Surely a starting point for a Socialist Steampunk would be in the lives and struggles of the working people of the Victorian era.

The End of Fun?

This should not necessarily mean that one would need to fully abandon the Fantasy elements of Steampunk in favour of a puritanical Socialist Realism. Marx and Engels distinguished their brand of Scientific Socialism from the more backward-looking Utopian Socialist tradition. They believed a future Socialist Society would begin from the highest point of capitalist innovation. Then when freed from the fetter of the profit motive, a rationally Planned Economy would lead to a liberation of the productive forces. These would then lead to ever greater technological advances, the fruits of which would then be shared by all. (Something that we Marxists still believe, of course).

Couldn’t a great Steampunk story perhaps start from the premise that the amazing machinery which routinely populates Steampunk literature was made possible precisely by the triumph of socialism, perhaps in Britain or initially elsewhere? I personally favour a triumphant and victorious Paris Commune spreading outwards to encompass the whole of Europe. Couldn’t we imagine the automation of the Means of Production in the nineteenth century freed working men and women to work for the joy of it? They could produce artefacts of both beauty and utility, much as Morris envisaged in his brilliant novel, News From Nowhere. This could create an environment fit for conscious and engaged human beings, rather than for down-beaten wage-slaves.

This vision still drives my politics today. Let us strive for a technological Ancient Athens, where fantastical machines replaces the slaves and liberate us all to become Platonic Philosopher Kings. By projecting this vision of the future into the age of steam, we may perhaps play a small part in bringing about the future we all deserve.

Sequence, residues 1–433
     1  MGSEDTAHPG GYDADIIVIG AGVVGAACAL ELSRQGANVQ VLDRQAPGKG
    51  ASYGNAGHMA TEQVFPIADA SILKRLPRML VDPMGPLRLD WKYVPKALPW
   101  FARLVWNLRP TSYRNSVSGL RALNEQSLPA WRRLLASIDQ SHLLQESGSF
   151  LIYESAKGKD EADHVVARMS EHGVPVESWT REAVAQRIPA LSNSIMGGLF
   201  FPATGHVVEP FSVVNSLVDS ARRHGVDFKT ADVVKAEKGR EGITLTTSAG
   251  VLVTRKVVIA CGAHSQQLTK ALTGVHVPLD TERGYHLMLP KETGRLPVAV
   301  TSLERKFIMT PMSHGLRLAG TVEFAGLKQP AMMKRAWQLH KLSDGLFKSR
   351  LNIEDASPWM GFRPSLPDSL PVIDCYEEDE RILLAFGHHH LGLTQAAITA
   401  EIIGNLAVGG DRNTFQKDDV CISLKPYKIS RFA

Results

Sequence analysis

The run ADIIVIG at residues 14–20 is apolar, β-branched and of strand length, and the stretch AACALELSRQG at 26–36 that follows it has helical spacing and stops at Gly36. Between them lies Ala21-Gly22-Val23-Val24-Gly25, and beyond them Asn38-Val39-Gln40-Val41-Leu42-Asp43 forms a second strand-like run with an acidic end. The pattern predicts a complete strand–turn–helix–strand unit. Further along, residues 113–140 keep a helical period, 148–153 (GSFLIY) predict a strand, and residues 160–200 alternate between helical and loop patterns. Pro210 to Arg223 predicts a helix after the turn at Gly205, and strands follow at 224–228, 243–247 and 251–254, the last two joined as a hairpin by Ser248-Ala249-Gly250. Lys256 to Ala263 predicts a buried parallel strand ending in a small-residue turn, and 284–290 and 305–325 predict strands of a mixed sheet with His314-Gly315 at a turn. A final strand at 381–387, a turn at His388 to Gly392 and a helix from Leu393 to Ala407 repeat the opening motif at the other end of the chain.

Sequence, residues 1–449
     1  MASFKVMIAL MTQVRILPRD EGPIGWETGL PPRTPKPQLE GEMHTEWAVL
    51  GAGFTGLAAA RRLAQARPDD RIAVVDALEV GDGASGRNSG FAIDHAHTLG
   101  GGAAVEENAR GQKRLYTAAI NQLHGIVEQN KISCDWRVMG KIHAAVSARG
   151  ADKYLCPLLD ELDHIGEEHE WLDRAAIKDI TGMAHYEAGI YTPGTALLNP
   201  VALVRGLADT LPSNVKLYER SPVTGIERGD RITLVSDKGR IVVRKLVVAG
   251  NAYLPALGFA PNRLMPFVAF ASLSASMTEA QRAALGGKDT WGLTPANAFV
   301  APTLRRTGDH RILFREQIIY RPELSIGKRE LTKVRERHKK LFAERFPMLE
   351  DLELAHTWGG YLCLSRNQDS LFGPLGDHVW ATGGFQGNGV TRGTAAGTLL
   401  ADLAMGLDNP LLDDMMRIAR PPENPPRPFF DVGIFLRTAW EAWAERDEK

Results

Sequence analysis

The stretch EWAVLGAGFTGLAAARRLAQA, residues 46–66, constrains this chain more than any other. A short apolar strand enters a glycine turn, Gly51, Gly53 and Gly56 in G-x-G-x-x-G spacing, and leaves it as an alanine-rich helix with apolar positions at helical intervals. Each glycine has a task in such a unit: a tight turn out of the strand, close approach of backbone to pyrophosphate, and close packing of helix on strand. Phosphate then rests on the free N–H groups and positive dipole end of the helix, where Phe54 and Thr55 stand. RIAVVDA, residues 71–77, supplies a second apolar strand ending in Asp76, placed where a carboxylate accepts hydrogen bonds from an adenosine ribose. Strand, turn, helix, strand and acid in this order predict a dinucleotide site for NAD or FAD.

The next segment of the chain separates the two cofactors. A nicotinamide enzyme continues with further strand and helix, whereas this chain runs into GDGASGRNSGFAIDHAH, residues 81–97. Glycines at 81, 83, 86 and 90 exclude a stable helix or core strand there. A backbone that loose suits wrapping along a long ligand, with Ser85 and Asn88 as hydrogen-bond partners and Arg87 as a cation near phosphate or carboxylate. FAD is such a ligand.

So there you go, that is my brief sketch of what a Socialist Steampunk may involve. I’m sure that others shall have their own ideas, and rightly so. My contribution will probably be little more than I mentioned at the start of this article: an album-worth of songs, a few videos, the odd gig, and a cobbled together pseudo-Victorian working man look. But I’d love to be the catalyst for something much, much bigger.

Tony Green, January 2018.

Tony Green joined Arthur Scargill’s Socialist Labour Party when it was founded in the mid-nineties. He stood as a candidate for them in Manchester in the local elections of 1997. His political activity has been more sporadic since, though he now happily has a political home within the Communist Party of Britain. (The successor party to the old CPGB, associated with the daily Morning Star newspaper.)

 You can find out more about Tony and his foray into Steampunk and Socialism on his website.

What do our readers think? Do you have more ideas for a catalyst in history that could lead to a Socialist Steampunk setting? Do you have recommendations for finding working class people in books? Please leave us a comment!